The Regulatory Impact Assessment that was published alongside the Higher Education Act 2004 contained estimates of the fee income for the HE sector and the costs of student loans and grants. These estimates were based on two scenarios for the pattern of fee charging by higher education providers: 75 per cent. of students charged £3,000 and 25 per cent. charged £1,200; and 50 per cent. charging £3,000 and 50 per cent. charging £1,200. The figures below update that analysis on the basis of findings from the Office for Fair Access that 91 per cent. of higher education providers are likely to charge
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£3,000. The figures below also update the analysis to take account of the new £2,700 grant, replacing the previous £1,500 HE grant and £1,200 fee remission grant; they also update the analysis to put it all on a 200607 student number basis.
|Fee Income from standard fee (based on 200607 standard fee of £1,200).||£950 million|
|Additional income from variable fees (based on 91 per cent. of universities charging full £3,000 fee).||£1,350 million|
|New grant of £2,700||£890 million|
|Maintenance Loans||£740 million|
|Fee Loans||£830 million|
The Parliamentary Under-Secretary of State for Environment, Food and Rural Affairs (Mr. Ben Bradshaw): With my colleagues in Scotland and Wales, I am delighted to announce that on 1 April 2005 the state veterinary service (SVS) will launch as an executive agency of the Department for Environment, Food and Rural Affairs, retaining the title the state veterinary service.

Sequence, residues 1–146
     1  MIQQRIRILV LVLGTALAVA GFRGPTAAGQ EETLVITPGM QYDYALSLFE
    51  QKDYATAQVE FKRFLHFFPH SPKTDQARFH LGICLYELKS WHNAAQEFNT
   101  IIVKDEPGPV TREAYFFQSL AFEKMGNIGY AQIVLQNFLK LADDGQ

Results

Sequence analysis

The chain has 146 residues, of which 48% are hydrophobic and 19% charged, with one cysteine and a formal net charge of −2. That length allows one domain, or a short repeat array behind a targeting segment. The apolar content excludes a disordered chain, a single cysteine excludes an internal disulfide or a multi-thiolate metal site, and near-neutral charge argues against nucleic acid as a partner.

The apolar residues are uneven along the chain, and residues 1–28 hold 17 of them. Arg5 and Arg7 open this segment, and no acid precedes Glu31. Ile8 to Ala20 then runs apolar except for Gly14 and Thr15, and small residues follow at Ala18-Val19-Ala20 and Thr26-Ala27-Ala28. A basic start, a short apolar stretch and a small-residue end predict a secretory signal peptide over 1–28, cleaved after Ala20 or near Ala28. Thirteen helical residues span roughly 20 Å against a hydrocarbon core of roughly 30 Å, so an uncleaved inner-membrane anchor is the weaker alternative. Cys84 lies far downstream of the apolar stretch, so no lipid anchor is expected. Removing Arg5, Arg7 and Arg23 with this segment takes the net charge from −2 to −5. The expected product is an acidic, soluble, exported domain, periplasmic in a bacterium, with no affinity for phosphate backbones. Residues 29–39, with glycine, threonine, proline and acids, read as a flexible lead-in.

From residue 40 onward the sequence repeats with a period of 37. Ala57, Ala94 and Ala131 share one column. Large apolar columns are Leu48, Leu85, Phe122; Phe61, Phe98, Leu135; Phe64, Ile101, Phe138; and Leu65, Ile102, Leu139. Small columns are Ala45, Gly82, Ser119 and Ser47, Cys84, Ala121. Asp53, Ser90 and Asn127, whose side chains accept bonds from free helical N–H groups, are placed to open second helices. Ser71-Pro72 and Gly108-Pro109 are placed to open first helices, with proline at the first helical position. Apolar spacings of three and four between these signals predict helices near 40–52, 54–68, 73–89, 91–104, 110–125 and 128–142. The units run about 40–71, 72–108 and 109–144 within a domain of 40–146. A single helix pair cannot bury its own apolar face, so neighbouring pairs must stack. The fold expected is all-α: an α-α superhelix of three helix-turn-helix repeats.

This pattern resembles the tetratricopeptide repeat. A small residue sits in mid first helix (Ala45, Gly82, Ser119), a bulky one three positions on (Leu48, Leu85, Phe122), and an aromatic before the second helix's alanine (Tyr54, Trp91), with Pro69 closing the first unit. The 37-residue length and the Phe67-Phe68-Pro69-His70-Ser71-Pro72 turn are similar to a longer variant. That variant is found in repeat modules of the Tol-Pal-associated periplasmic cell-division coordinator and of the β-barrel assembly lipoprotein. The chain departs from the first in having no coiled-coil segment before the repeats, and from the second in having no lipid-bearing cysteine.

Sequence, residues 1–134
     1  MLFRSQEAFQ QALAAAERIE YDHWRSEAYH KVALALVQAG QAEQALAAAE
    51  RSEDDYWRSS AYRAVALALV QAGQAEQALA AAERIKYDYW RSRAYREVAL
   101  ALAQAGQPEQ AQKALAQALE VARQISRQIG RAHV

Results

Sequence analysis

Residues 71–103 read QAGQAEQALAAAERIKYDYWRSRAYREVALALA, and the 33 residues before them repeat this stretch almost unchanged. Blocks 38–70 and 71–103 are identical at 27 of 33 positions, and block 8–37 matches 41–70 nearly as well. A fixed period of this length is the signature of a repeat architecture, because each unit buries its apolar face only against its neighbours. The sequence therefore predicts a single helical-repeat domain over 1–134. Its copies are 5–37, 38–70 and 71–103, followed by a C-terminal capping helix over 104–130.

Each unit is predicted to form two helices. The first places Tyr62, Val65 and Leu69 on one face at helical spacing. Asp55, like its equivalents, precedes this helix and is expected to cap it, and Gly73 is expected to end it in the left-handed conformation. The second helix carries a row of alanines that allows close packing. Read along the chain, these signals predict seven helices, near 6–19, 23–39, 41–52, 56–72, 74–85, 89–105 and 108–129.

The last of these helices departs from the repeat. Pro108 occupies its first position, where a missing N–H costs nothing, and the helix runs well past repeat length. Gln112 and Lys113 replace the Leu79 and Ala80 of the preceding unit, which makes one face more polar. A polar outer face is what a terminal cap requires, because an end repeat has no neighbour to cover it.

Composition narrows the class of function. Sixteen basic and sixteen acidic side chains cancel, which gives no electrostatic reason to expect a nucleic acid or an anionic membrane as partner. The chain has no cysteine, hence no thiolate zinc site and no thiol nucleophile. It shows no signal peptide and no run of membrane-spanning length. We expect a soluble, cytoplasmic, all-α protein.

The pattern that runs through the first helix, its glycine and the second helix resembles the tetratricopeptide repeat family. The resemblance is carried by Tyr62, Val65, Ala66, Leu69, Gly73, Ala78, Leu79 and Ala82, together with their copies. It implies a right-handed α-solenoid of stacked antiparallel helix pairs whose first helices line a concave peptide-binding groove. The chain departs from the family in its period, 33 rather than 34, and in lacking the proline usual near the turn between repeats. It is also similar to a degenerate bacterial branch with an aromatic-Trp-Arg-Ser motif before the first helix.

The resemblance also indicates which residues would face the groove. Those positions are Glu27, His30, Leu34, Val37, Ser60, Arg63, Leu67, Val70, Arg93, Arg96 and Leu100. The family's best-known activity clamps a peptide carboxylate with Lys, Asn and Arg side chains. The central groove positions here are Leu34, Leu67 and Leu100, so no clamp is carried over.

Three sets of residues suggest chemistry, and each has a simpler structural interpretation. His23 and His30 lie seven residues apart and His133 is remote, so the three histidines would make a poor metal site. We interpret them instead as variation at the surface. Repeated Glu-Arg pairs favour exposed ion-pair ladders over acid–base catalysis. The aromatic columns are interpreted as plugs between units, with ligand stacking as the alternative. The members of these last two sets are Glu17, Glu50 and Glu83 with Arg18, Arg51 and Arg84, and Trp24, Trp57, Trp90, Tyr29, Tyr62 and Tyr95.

The first chief executive will be Glenys Stacey who will take responsibility for a challenging programme of reforming the way that the services are delivered to its many stakeholders. The SVS has a long, commendable history of engagement with the farming and rural community. The agency will build on this as it enhances its operational and financial effectiveness and continuously improves on the vital role it plays in the fight against animal disease.
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The agency will work in close partnership with its policy customers in the Department and the devolved administrations; other delivery agents; and its customers in the rural and livestock community, to deliver services that maximise the use of modern information technology and ensure the optimum utilisation of its staff.
At the forefront of protection against animal-borne diseases and their potential impact on public health, the economy and the rural community, the agency will also be in the front line to deal with any outbreak.
Copies of the agency's framework document and any subsequent amendments will also be placed in both Libraries of the House. Further copies and other information about the agency can be obtained from the chief executive.